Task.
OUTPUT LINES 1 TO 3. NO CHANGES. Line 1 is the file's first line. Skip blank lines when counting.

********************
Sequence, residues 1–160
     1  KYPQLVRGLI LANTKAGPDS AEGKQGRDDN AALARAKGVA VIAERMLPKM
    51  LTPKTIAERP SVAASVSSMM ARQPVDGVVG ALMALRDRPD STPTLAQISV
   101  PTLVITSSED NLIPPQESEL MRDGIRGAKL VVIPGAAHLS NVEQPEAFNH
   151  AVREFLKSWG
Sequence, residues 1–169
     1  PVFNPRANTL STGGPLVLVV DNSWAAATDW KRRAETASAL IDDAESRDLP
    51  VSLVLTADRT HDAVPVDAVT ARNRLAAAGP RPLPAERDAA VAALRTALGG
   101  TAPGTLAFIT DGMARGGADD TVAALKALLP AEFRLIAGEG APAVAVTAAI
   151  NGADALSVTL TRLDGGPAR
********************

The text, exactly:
Sequence, residues 1–160
     1  KYPQLVRGLI LANTKAGPDS AEGKQGRDDN AALARAKGVA VIAERMLPKM
    51  LTPKTIAERP SVAASVSSMM ARQPVDGVVG ALMALRDRPD STPTLAQISV